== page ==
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Do cyclists need shade to keep cool?

Subscriber Post by Doug Klotz on June 19th, 2018 at 11:10 am

At the Sullivan’s Crossing open house, a staffer explained that the planters at the south end “plaza” can’t have any trees in them, since the leaves would be slippery when wet. I know in the summer I ride specifically on streets with shade trees to keep cooler. Am I doing it wrong? Shouldn’t bikes be routed away from shade trees? Or, should we plant conifers, so no falling leaves (mostly)?

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  • Ben Schonberger June 19, 2018 at 11:15 am

    That answer is absurd. Trees and bikes can co-exist.

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    • Doug Klotz June 19, 2018 at 11:38 am

      And, they plan to put tree-shaped metal sculptures/light fixtures in the planters instead. Nothing that would cast any shade.

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  • maxD June 19, 2018 at 12:52 pm

    This is so frustrating! There are so many great trees for this spot. Broadleaf evergreen oaks, for example, lose a few leaves at a time sporadically throughout the year. Many are extremely drought tolerant and deep rooted, too, so they do not disturb adjacent pavement. The leaves that do fall are dry and thick and not slippery. Some conifers like Incense Cedar would also be a great option. I am pretty disappointed in the bridgehead treatment overall. The bridge design is very self-conscious expression of an engineering solution- not bad in its own right, but lacking in historic context, experiential design, or placemaking elements. The bridgeheads seem like transportation afterthoughts. They could be landmarks in their own right, as well as meeting spots, and viewpoints (much quieter and less stinky than on the bridge). This is clearly being run by engineers who don’t know what they don’t know.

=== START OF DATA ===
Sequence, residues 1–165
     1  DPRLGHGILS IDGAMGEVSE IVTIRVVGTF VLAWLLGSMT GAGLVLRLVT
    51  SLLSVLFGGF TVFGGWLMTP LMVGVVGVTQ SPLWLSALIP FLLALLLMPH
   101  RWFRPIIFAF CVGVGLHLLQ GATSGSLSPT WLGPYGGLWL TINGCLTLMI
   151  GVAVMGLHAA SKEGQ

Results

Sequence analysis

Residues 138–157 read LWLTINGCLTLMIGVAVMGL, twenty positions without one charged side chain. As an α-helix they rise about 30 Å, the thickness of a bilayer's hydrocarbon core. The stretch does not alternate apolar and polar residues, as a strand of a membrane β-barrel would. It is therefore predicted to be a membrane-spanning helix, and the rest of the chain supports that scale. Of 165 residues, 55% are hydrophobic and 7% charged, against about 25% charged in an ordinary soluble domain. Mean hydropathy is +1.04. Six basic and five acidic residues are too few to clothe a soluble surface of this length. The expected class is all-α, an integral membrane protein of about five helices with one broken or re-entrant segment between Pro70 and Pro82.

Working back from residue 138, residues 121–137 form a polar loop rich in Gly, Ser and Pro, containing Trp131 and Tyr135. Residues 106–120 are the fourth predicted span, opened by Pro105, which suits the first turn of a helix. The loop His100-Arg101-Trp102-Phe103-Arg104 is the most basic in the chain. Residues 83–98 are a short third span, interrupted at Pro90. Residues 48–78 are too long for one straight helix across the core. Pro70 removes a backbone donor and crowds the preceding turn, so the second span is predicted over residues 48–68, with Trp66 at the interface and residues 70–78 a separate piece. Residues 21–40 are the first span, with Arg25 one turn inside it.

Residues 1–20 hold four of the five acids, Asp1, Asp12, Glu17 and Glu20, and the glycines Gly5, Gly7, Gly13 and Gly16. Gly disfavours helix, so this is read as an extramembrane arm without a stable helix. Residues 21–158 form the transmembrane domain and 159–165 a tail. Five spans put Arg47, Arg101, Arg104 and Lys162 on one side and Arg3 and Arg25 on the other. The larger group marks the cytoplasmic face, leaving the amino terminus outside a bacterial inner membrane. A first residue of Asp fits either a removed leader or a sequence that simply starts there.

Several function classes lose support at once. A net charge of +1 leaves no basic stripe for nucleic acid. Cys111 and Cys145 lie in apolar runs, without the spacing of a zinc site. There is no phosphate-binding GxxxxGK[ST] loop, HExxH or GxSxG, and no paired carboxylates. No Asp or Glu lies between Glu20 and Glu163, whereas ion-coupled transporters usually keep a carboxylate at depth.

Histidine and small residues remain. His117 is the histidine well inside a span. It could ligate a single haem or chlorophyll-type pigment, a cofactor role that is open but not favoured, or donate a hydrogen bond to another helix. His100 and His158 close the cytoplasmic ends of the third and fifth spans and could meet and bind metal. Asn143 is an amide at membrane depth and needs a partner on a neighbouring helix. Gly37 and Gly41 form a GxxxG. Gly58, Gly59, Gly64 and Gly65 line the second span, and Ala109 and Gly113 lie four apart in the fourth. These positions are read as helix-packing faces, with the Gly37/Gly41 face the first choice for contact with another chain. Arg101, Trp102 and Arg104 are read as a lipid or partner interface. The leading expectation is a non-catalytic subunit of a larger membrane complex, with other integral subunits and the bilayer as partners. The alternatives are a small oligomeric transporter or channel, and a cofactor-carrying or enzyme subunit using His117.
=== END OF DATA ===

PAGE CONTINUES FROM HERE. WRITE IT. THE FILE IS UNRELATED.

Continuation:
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  • J_R June 20, 2018 at 3:09 pm

    Conifers drop needles. I find some of my most difficult stretches of bike lane are those with needles blocking the entire lane due to being swept along by water in the gutter.

    The real problem is the City of Portland’s acquiescence or even encouragement for dumping leaves in the street during the fall for “leaf districts.” At the very least, the city should actively discourage (and even cite) homeowners for blowing leaves into the street more than 48 hours in advance of leaf pick up days.

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    • Dan A June 20, 2018 at 4:14 pm

      Are you a homeowner with a leaf problem? I find that at that time of year there are very few good days for blowing leaves. It is usually raining, and sometimes raining heavily. You really have to rake/blow whenever you get the chance to. I typically have 8-10 hours worth of leaf raking/blowing to do every fall.

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  • maxD June 21, 2018 at 9:55 am

    I truly hate the City’s policy of having people store leaves in the street. It is a messy, dirty mess that sits in the road for weeks or months. I have a LOT of trees, and I put my leaves in the green bins. Forget the blower, just get a rake and some gloves and scoop them up.

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    • Dan A June 21, 2018 at 11:15 am

      When I lived in a neighborhood that didn’t have street leaf collection, it would take me almost the entire year to get rid of them using the single green waste bin. I had a massive pile on the side of the house that I had to shovel from every two weeks.

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  • John Liu June 29, 2018 at 8:57 am

    I cannot come close to getting rid of my leaves using my green bin. Way too many leaves from my street trees. Nor can I rake/blow/sweep my leaves only on the day before leaf pickup, as the leaves are soggy and unmanageable by then. Instead, I pile my leaves in the street near the curb, and rake/sweep leaves from the bike path in front of my house.

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